2. CSP Technologies and Prospects

This section presents an overview of the CSP technologies and their prospects being a precursor to the discussion on the feasibility study of CSP in the NT (Section 3).

2.1. CSP Technologies: An Overview

CSP technologies can be classified into (1) parabolic trough systems, (2) central receiver (tower) systems, (3) linear Fresnel systems, and (4) parabolic dish systems. Table 1 presents a summary of main features of various CSP technologies. This summary is used in this research to aid in selecting the relevant CSP technology under the relevant atmospheric, environmental, and economic conditions in this study. Detailed information on these technologies can be found in [14, 15].

Table 1: Comparison of CSP collecting technologies [1, 1113].

As shown in Table 1, each technology listed has its own ranges of capacity, operating temperature, the type of power cycles and heat transfer fluids it can work on, water and land requirements, and so forth. The table also lists the advantages and disadvantages of each technology. All these factors must be taken into account when selecting the most appropriate technology for a particular site with its own environmental factors.

CSP systems, also known as solar thermal power plants (STPPs), are flexible to be hybridized with other renewable and conventional systems such as biodiesel fired boilers, wind, and photovoltaic systems. CSP technology is also capable of providing process heat for industrial applications such as water desalination at coastal freshwater-scarce utilities.

STPPs are capable of providing base load power to areas that have high direct solar insolation at costs similar to fossil fuel power generation but with significant reduction in greenhouse gas (GHG) emissions. In addition, power can be transported from insolation rich regions to insolation poor regions. For example, transportation of power to 3000 km is possible with only 11.5% losses using 800 kV direct current transmission technologies [16].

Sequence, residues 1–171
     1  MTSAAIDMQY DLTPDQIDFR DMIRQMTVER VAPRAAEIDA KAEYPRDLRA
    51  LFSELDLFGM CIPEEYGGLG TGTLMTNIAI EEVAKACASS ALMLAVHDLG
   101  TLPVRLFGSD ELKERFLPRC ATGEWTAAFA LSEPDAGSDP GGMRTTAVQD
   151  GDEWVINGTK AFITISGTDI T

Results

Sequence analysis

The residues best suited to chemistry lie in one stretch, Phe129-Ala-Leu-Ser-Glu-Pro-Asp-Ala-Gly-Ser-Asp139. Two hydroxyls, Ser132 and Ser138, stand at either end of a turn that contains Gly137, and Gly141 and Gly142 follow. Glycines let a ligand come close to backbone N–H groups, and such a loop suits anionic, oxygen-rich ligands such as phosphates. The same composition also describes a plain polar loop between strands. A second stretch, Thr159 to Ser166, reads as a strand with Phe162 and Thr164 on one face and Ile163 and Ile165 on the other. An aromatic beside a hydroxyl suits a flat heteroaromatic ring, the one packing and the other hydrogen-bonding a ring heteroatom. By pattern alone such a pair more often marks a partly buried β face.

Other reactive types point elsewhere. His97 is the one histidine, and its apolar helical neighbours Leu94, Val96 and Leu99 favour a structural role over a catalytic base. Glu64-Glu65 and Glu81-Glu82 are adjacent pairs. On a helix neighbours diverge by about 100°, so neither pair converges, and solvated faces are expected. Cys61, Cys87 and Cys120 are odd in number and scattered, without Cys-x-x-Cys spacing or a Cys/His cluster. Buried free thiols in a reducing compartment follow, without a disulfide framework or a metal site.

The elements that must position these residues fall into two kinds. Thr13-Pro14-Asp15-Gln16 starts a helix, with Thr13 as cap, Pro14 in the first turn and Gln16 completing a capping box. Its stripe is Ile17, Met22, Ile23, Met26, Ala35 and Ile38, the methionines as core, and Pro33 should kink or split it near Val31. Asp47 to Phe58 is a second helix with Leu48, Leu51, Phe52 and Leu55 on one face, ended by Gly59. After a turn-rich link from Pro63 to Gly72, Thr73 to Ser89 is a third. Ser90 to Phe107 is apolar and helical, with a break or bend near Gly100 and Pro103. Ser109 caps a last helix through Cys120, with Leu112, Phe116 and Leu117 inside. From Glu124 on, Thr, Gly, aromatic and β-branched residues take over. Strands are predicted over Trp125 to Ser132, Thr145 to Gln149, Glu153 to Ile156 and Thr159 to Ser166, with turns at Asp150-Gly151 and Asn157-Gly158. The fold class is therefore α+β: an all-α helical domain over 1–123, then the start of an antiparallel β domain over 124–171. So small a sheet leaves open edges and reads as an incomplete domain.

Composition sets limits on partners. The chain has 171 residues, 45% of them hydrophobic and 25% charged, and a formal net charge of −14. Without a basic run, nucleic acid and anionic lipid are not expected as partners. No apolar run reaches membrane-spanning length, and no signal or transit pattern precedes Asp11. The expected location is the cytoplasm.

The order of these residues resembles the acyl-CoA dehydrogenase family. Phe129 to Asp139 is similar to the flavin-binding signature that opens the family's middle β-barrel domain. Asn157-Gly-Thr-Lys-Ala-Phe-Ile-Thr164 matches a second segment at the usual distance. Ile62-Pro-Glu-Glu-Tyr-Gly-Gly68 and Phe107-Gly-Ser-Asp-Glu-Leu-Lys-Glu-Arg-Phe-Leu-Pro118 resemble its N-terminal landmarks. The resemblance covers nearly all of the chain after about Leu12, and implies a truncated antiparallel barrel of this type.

CSP systems are versatile and can be integrated with existing or new fossil fuel based power plants to curb the GHG emissions and to extend plant life to a low-emission energy future [1]. Various CSP systems emit much lower GHG compared to conventional fuels (oil, gas, and coal) and roughly the same as the tidal, wave, and PV systems [17].

In order to ensure uninterrupted power supply necessary for mining operations, the CSP systems have to be supplemented with thermal storage. In addition, such systems are generally installed with fuel power backup capacity offering reliable power production to utilities and grid operators.

2.2. CSP Prospects
2.2.1. CSP Deployment Worldwide

The first solar thermal power plant became operative in Egypt in 1912 [18]. CSP is considered a proven technology with CSP plants operating in California from 1984 to 1991 [19]. Due to the steep decline in the prices of fossil fuels the support for CSP (including tax incentives and mandatory power purchase) was withdrawn by the government. CSP market reemerged in 2006 in response to the new government incentives such as feed in tariff in Spain and policies requiring utilities to include renewable power. This led to the construction of new CSP plants, raising the global stocks of CSP plants to nearly 1 GW in 2010 [19]. Since then many other countries have invested in CSP with a projected increase in total capacity of up to 15 GW after the completion of the plants that are currently under construction [19].

According to NREL online database [20], to date 18 countries have constructed (or are constructing) CSP systems. The total installed capacity of all the 77 operational CSP plants is 3478.16 MW as of October 2013 (more than twice the capacity in 2012). Of these, 90% are parabolic trough systems, 8% linear Fresnel reflector systems, around 2% central tower systems, and less than 1% parabolic dish systems. Leading in terms of installed capacity are Spain (60%) and US (23%) while the remaining 17% is in other countries. Additional 17 GW CSP plants are under construction (20%) or under feasibility and planning stages with approximately half of these in the USA and another half in Spain and China [21].

2.2.2. CSP Deployment in Australia and the NT

Australia enjoys the position as the world leader in terms of solar resources and is contributing relatively well from a research and development point of view. A 100 kW CSP system called Step 100 was built in Meekatharra in WA in 1981-1982 [1]. The system employed an Organic Rankine Cycle (ORC) system and operated for only a short time; hence performance data is limited. A 25 kW steam engine generator powered by a 14-dish system in White Cliffs in the New South Wales was designed by the Australian National University (ANU) and installation completed in 1981 [22]. In 1998, this system was taken over by Solar Systems Pty Ltd. and converted to CPV receivers. However, later in 2008, despite the dishes remaining in fair condition, company decided to decommission the plant [1].